Die teütsch Spraach: The first ‘true’ German dictionary from 1561

21 April 2021

Title: Die teütsch Spraach : Alle Wörter, Namen und Arten zü reden in hochteütscher Sprach, dem ABC nach ordenlich gestellt, unnd mit gütem Latein gantz fleissig unnd eigentlich vertolmetscht, dergleychen bisshär nie gesahen
Author: Josua Maaler
Publication Date: 1561
Shelfmark: I.10.4

This month’s Illuminating Magdalen article has a lexicographical focus! Printed way back in 1561, the thick tome pictured below (536 pages long) is one of the oldest German dictionaries in existence. A key part of German linguistic history, both its content and provenance make it an interesting and important part of the Old Library’s collection.

Figure 1: The title page

The dictionary was compiled by the Swiss lexicographer and bookbinder Josua Maaler (1529–1599), who wanted to create a German-language dictionary partly for humanist reasons. He believed that such a dictionary would raise the status of German and particularly Swiss German in society. His aims are reflected on the title-page pictured above. The German script is deliberately written first and followed by a Latin translation – reflecting the vernacular’s importance to Maaler and making the dictionary already unique in comparison to previous German dictionaries.

Figure 2: An example entry from the dictionary, organised alphabetically by the German

This uniqueness is reinforced when the dictionary is opened. In comparison to the earlier Dictionarium Latinogermanicum (1535) by Petrus Dasypodius (1495–1559), this dictionary is the first to focus exclusively on the German language. It is, therefore, organised alphabetically by the German, not by the Latin as was the case in previous dictionaries. Above, you can see this order in action, open at a particularly apt word for this time of year: der Frü[h]ling, or spring in English. As a result of this ordering, Jakob Grimm (1785-1863) described it as ‘das erste wahrhaft deutsche Wörterbuch’ [the first true German dictionary] in the prologue to his own monumental dictionary published in 1854 (Grimm: 1854, Band 1, xxi).

Figure 3: The provenance note

This book, though, is not only significant due to its content. Thanks to the inscription pictured above, we know a lot about the provenance of this volume. It reveals that it was donated to the library by John Harding (1562-1610), who was President of the College from 1607-1610. According to Macray (1894), Harding was ‘the donor of two books, Pictorius’ Thesaurus linguae teutonicae, 4⁰, Zurich 1561, and a folio German Bible printed at Wittemberg in 1584, which however, was not received until 1616, six years after his death’ (v.3, p.80).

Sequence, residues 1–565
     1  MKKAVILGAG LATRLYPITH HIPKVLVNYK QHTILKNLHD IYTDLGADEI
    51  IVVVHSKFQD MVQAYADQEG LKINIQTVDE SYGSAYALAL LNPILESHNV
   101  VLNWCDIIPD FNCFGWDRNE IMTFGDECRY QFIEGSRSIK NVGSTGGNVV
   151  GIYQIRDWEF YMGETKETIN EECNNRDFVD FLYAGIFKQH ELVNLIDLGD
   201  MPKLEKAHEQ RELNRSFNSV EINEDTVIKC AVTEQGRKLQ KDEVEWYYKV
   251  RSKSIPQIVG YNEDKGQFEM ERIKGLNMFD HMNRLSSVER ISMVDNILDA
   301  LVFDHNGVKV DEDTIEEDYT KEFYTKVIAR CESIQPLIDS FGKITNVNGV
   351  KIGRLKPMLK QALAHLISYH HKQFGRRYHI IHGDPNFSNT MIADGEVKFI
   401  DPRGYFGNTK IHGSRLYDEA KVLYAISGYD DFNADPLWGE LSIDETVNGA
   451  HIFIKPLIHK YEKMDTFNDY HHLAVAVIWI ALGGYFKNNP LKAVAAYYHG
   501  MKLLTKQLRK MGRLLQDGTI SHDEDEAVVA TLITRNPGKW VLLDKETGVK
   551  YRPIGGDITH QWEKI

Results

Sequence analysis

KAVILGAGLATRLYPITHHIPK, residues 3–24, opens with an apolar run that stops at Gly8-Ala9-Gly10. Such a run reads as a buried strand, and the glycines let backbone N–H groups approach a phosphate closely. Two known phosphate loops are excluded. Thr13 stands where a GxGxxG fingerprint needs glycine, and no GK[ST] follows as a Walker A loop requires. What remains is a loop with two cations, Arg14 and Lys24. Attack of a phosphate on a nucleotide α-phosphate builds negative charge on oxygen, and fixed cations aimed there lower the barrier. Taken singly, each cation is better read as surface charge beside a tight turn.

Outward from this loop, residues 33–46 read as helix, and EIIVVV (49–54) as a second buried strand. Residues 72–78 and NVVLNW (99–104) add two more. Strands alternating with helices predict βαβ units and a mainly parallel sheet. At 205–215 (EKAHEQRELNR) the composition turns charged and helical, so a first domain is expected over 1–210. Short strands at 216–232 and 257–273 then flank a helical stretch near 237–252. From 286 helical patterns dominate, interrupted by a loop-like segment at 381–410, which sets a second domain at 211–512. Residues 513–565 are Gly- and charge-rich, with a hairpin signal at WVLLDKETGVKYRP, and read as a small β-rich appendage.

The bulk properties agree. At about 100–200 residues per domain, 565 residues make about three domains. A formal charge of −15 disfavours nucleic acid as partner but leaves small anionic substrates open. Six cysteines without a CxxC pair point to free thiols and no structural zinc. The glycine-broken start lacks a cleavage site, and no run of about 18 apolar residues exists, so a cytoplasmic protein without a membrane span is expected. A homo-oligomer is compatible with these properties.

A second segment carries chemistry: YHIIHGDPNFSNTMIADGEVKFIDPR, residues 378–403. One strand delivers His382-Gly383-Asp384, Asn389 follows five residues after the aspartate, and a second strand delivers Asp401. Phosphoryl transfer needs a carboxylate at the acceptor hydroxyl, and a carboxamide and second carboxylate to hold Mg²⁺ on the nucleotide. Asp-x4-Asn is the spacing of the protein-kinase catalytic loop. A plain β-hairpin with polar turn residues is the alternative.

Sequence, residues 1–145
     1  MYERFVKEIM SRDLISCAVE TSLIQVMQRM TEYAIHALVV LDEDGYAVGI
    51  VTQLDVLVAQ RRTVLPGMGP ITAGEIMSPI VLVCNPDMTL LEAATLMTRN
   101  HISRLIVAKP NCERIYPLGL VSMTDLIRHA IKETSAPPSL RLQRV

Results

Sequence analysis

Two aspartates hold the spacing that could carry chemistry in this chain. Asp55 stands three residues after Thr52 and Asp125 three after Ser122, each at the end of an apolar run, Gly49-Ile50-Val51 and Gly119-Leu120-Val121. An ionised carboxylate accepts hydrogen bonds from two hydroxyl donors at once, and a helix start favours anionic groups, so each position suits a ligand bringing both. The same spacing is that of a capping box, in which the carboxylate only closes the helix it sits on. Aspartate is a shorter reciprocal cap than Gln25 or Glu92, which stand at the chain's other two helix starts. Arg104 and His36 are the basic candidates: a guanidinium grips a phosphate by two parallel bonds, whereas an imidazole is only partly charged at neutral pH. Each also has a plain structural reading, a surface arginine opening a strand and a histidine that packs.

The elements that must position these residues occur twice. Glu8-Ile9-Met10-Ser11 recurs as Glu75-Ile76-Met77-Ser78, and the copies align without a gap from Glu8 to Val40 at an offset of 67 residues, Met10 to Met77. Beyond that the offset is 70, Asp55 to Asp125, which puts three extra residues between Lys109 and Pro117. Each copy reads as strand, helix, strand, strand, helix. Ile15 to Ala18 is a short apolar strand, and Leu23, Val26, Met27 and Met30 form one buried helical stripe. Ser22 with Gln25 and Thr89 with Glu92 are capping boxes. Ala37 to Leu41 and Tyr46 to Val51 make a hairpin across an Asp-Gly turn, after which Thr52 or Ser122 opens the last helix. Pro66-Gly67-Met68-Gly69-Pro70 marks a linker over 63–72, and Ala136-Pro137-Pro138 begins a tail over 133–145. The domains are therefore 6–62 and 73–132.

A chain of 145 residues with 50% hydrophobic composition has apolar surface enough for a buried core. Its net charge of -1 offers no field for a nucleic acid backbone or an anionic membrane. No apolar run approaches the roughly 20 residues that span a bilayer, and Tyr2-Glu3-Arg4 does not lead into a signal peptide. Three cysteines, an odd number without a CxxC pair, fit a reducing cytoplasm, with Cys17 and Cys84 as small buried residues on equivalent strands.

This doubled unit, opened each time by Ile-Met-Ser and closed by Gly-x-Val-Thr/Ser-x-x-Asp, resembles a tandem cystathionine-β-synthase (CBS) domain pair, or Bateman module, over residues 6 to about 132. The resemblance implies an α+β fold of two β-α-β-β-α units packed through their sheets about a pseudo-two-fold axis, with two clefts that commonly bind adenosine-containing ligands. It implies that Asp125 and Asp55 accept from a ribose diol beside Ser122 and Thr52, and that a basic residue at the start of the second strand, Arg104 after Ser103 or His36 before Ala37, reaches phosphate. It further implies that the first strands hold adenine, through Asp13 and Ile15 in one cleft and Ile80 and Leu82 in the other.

As revealed in our previous post about the Lutheran Bible he donated, we know that Harding played an important role in the translation of the King James Bible. Although the translators worked from Greek, Hebrew, and Aramaic texts for this Bible, this dictionary reinforces the idea that Harding consulted his Lutheran Bible as part of these efforts. As modern languages were not on the curriculum anywhere (and there was no tradition of modern languages as academic subjects that could be ‘taught’), almost everyone would have to teach themselves. If Harding wanted to read the Lutheran text and did not know any native German speakers, he would therefore have needed to purchase a dictionary to teach himself. This book suggests, therefore, that Harding felt that he needed to read the original German to understand how Luther translated his Bible, and to feed that into his own translation. It shows the erudition – and scholarly vigour – of the team that translated the King James Bible over 400 years ago!

Figure 4: The binding

This book has a beautiful binding, decorated with blind-tooled double-fillet borders and a decorative oval centrepiece framed by triple-fillet borders. This decorative oval design is typical of Oxford book-binding (see Pearson: 2000, p.77 and pp.103-106), so it is probable that Harding had it bound either in Oxford or at least in England. In the picture above, you can also see the remains of clasps on the upper board, together with staple holes for a book chain on the top right.

In today’s Google world, we perhaps take it for granted that we can instantly look up the translation of any word. This beautifully-bound early dictionary is an early step in the journey to make that world a reality. Its intriguing provenance and links to Magdalen’s Lutheran Bible only make it further worthy of study, revealing the intellectual efforts of college members over four centuries ago.

Written by William Shire, Assistant Librarian, Magdalen College.

Thanks must also be given to Dr David Rundle for his assistance in the research process for this post.

References and Further Reading:

Besch, W. (2008). Sprachgeschichte: Ein Handbuch zur Geschichte der deutschen Sprache und ihrer Erforschung. 3. Teilband. Berlin ; Boston : De Gruyter Mouton.

Gloning, T., & Young, C. (2004). A history of the German language through texts. London; New York: Routledge.

Grimm, Jacob, Grimm, Wilhelm, Heyne, Moriz, Hildebrand, Rudolf, Lexer, Matthias, & Weigand, F. L. K. (1854). Deutsches Wörterbuch. Leipzig: S. Hirzel.

Macray, W., Bloxam, J., & Gunther, R. (1894). A register of the members of St. Mary Magdalen College, Oxford: From the foundation of the college. New series. London: Henry Frowde.

Pearson, D. & Ker, N. R. (Neil Ripley). (2000). Oxford bookbinding 1500-1640: including a supplement to Neil Ker’s Fragments of medieval manuscripts used as pastedowns in Oxford bindings. Oxford: Oxford Bibliographical Society.